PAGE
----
Wednesday 26th August 2009
Union seeks talks over redundancy offers.
The NSW Nurses’ Association is seeking agreement with Area Health Services on a process of implementing voluntary redundancies, including consultation with nurse managers.
The Union wants to ensure offers of redundancy do not reduce ward skill levels and put more pressure on nurses who remain.
The NSWNA succeeded in stopping Greater Southern Area Health Service from processing voluntary redundancies last month, after notifying a dispute to the Industrial Relations Commission.
At least four area health services – Greater Southern, Sydney West, North Coast and Greater Western – have called for expressions of interest for voluntary redundancies across all staff categories.
NSWNA General Secretary Brett Holmes said the Union went to the IRC because Greater Southern AHS breached the Public Health System Nurses’ and Midwives’ (State) Award and its own policy by failing to consult with the union about the process of offering redundancies, and their possible effects.
Brett said the Garling inquiry into acute care services stressed the crucial role of experienced nurses in providing adequate patient care and training for the next generation of nurses.
‘It is difficult to see how voluntary redundancies, which will increase workloads, reduce skill levels and put more pressure on the nurses who remain, are consistent with Garling’s recommendations,’ he said.
Similarly, a 2007 Sydney University of Technology study commissioned by the Health Department showed that higher numbers of skilled and qualified staff resulted in better patient outcomes.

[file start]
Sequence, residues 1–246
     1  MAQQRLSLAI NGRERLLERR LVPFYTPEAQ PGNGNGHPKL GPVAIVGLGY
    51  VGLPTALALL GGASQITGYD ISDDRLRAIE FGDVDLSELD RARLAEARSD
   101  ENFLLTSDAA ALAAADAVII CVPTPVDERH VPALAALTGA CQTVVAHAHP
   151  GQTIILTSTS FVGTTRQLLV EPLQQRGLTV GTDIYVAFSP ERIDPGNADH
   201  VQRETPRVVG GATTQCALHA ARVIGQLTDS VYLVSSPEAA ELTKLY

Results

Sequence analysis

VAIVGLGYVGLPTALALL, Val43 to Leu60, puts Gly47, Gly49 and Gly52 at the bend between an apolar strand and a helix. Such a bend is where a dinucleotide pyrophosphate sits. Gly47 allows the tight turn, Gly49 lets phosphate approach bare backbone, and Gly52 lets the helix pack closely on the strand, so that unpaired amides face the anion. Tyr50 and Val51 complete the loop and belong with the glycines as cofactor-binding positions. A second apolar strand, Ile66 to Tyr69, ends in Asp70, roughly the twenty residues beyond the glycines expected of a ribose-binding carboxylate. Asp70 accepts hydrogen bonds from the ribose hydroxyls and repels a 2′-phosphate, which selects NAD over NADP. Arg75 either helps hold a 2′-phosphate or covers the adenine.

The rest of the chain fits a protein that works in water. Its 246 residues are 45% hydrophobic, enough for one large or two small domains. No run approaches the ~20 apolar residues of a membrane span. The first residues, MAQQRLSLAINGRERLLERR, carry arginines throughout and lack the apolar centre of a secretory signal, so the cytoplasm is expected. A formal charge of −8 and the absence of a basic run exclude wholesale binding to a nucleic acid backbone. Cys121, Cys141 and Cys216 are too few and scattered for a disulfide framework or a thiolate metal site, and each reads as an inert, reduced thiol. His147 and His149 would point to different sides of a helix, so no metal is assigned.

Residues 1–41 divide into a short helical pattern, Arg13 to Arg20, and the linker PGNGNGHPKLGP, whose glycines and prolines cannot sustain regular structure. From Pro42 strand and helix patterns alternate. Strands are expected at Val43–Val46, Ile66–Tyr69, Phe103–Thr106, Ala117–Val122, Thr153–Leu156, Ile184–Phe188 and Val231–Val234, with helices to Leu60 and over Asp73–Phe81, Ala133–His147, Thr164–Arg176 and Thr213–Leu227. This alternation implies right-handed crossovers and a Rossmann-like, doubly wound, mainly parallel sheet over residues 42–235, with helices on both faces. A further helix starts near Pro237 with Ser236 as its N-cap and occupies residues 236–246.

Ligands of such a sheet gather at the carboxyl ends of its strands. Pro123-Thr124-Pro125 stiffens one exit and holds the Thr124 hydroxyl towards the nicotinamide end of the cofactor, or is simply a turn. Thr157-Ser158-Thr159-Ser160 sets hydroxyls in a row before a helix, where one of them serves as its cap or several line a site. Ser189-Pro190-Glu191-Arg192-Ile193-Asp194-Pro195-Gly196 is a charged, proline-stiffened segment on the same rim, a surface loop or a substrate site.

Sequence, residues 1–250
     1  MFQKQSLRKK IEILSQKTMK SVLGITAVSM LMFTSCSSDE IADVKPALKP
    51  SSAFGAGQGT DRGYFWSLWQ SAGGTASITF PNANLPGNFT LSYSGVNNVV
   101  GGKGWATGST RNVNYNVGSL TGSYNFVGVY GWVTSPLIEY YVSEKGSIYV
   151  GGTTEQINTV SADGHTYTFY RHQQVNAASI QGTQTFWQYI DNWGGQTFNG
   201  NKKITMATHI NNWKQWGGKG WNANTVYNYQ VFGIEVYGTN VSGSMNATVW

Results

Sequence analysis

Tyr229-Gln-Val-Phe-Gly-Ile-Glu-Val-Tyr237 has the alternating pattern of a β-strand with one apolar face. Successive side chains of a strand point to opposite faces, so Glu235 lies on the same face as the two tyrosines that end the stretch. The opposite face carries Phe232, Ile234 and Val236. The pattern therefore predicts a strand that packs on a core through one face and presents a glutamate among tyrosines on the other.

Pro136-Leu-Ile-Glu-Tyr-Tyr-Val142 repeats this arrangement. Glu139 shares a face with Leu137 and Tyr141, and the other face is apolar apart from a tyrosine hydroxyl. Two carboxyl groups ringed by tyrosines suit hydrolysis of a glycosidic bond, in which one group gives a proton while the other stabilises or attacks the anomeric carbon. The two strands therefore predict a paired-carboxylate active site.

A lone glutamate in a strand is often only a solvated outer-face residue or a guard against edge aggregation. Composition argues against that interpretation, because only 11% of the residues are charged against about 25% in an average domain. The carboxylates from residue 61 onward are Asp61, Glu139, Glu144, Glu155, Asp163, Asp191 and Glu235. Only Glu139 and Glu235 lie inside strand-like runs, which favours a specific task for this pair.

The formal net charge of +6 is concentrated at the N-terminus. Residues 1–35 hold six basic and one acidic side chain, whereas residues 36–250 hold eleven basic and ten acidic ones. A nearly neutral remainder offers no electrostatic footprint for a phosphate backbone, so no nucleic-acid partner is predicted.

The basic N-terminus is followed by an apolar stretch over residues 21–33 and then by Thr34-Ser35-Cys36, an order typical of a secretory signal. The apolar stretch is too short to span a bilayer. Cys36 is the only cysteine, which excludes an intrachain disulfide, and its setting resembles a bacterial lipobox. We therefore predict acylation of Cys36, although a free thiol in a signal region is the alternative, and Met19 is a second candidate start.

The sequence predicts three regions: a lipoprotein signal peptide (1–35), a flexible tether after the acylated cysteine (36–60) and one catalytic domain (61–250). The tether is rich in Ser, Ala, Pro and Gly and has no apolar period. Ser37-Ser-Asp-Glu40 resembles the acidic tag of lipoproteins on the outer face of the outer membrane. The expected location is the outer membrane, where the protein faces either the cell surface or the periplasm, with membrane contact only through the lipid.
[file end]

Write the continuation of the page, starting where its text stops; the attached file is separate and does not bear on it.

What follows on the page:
Brett said it was essential that the senior nurses in charge of wards are allowed input into the redundancy process.
‘The Department has sanctioned an across-the-board offer of voluntary redundancies but the effects will vary according to the staffing situation in individual units.
‘This means senior nurses, such as NUMs who are responsible for managing a ward, must be consulted about the appropriate skill mix for their ward and how redundancies might impact on that.’
Brett said NSW Health should not use voluntary redundancies as a backdoor means of replacing experienced and highly qualified nurses with unlicensed Assistants in Nursing.
‘There is a valuable role for classifications such as AiNs but the mix of skills on a ward should be based on the needs of the ward, not the budget.
‘NUMs should not be forced to put AiNs into jobs that should be filled by RNs just because area management decides to save money by reducing RN positions.’
At Byron Bay District Hospital, which has a 26-bed general ward with 24-hour emergency service, NUM Liz McCall agrees that the effects of voluntary redundancies ought to be discussed before they are issued.
‘The problem with redundancies is that if they are approved, the position disappears. There needs to be discussion with the local NSWNA branch and on a wider scale the union as a whole, to ascertain whether or not it’s appropriate to delete that position,’ Liz said.
‘The area management needs to talk to nurse managers about safe staffing levels and skill mix, because we are the ones who know what skill mix we need.’
Liz is NUM of the ward and the emergency department and is responsible for staffing. She shares administration of the ED with a nurse manager and works there herself when required.
‘We only have four nurses on morning and evening shifts and three on night duty. We never have AiNs or ENs on nights because of our needs in ED. On the other two shifts I can only accommodate one EN or a new graduate because of our needs in the ED,’ she said.
‘If a RN or EN position were to be replaced with an AiN, that would be absolute dynamite for Byron Hospital.
‘At Byron, our skill mix is so fragile that if a RN or EN was given voluntary redundancy and they slotted an AiN into that position it would be totally untenable in terms of patient safety.’